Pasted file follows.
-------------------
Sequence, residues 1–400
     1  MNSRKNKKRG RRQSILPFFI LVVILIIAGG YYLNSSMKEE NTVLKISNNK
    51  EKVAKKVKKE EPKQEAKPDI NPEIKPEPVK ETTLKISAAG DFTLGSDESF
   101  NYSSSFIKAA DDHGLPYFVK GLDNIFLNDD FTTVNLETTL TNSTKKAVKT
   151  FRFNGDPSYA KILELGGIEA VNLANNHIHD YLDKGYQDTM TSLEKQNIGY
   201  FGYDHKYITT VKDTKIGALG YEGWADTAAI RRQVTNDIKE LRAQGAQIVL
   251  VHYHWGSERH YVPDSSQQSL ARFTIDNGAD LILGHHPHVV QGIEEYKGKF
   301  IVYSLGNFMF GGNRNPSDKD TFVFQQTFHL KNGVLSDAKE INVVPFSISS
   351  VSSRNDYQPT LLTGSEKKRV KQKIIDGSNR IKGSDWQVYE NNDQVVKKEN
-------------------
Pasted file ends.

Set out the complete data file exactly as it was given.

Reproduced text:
Sequence, residues 1–400
     1  MNSRKNKKRG RRQSILPFFI LVVILIIAGG YYLNSSMKEE NTVLKISNNK
    51  EKVAKKVKKE EPKQEAKPDI NPEIKPEPVK ETTLKISAAG DFTLGSDESF
   101  NYSSSFIKAA DDHGLPYFVK GLDNIFLNDD FTTVNLETTL TNSTKKAVKT
   151  FRFNGDPSYA KILELGGIEA VNLANNHIHD YLDKGYQDTM TSLEKQNIGY
   201  FGYDHKYITT VKDTKIGALG YEGWADTAAI RRQVTNDIKE LRAQGAQIVL
   251  VHYHWGSERH YVPDSSQQSL ARFTIDNGAD LILGHHPHVV QGIEEYKGKF
   301  IVYSLGNFMF GGNRNPSDKD TFVFQQTFHL KNGVLSDAKE INVVPFSISS
   351  VSSRNDYQPT LLTGSEKKRV KQKIIDGSNR IKGSDWQVYE NNDQVVKKEN